Journal of Cancer Education

, Volume 33, Issue 2, pp 493–496 | Cite as

Gray Areas in Language-Concordant Healthcare: a Graduating Medical Student’s Reflection on the Experience and Research on Language and Cultural Competence

  • Fanny Huynh Du

Reflecting on my Experiences

Being raised by immigrant parents in the diverse San Francisco Bay Area, I have been drawn to working with immigrant communities. I served as a Cantonese labor coach for pregnant Chinese women, worked at a free clinic serving a low-income and Spanish-speaking population, coordinated an Asian American health fair, and participated in medical Mandarin training. As a daughter of immigrant parents, I often felt at the intersection of different worlds—linguistically and culturally. I have always hoped to become a physician who could bridge the gaps between these worlds to benefit patient care. As a fourth-year medical student, I sought out an elective our medical school’s curriculum provides that encourages us to identify an area inspiring our vision of competent and caring healers, systematically connect with related research, and reflect on lessons learned. In this reflection, I share my story and its connection to related research on concordance between...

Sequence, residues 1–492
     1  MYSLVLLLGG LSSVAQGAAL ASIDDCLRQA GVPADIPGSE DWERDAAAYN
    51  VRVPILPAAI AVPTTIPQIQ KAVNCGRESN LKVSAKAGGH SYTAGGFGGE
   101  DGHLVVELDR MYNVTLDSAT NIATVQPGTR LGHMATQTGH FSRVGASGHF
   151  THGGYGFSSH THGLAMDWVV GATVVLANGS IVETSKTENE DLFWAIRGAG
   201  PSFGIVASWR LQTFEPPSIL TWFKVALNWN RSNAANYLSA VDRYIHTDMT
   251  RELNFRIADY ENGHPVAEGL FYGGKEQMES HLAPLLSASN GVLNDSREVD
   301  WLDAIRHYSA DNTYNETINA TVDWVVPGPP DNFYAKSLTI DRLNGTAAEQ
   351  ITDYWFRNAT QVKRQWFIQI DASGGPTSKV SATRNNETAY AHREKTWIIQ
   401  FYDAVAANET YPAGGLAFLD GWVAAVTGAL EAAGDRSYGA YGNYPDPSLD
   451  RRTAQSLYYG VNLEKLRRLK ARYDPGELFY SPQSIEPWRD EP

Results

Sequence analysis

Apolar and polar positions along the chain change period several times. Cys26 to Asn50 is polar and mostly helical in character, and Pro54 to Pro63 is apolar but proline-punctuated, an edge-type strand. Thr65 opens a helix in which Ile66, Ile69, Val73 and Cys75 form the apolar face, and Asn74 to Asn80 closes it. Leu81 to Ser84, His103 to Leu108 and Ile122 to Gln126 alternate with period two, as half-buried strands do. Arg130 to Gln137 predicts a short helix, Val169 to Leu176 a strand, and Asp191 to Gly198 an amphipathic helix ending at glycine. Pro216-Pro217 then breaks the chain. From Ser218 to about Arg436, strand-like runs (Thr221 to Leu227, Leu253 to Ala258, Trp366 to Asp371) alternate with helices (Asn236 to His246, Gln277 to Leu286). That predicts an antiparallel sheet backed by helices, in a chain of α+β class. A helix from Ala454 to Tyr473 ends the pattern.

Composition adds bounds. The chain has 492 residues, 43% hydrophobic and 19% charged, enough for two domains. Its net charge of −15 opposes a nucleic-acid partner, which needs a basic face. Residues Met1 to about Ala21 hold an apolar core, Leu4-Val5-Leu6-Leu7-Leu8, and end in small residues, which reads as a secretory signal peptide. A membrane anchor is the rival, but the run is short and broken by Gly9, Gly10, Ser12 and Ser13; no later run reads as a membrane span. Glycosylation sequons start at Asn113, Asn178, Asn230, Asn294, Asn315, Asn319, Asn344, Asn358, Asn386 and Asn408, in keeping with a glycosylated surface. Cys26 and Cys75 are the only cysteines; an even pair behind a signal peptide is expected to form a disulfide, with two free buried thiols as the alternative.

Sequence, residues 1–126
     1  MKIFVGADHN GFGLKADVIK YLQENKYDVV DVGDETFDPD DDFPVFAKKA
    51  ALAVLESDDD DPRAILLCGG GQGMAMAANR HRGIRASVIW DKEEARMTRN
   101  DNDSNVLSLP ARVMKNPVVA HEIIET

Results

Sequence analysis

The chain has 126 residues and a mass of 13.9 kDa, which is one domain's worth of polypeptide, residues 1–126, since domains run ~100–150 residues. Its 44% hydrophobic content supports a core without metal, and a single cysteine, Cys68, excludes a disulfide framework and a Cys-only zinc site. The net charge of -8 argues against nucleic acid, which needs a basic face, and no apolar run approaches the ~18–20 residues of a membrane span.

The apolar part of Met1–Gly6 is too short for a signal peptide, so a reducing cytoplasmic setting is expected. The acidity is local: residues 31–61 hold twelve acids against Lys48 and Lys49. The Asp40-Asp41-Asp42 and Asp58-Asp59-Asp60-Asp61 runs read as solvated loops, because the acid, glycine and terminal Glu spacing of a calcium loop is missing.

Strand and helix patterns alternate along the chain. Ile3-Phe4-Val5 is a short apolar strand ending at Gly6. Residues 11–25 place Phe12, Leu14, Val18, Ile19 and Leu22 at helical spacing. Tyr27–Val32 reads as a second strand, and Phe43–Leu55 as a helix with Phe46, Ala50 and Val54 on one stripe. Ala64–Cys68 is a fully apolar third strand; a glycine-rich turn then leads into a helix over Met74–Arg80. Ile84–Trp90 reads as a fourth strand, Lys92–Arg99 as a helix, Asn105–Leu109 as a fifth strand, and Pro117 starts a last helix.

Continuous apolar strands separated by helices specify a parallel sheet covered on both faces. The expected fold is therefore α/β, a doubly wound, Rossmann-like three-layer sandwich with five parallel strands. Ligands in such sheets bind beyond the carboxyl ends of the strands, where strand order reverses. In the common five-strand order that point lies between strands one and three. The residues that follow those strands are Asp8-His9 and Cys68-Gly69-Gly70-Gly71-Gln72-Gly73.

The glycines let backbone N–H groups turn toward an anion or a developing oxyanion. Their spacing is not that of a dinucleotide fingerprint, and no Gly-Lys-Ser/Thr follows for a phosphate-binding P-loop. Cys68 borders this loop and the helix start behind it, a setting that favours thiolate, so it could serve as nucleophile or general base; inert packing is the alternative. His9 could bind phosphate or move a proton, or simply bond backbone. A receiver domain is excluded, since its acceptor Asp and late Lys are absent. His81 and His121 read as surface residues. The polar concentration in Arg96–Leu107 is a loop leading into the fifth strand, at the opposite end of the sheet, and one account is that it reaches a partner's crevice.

I would like to thank Dr. Patricia Mullan for her extraordinary insight and guidance throughout this project as well as Mark MacEachern for helping me develop a strategy for my literature search. I also want to thank my strong and compassionate parents for their constant support, especially my mother for allowing me to share her story.


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Copyright information

© American Association for Cancer Education 2016

Authors and Affiliations

  1. 1.University of Michigan Medical SchoolAnn ArborUSA

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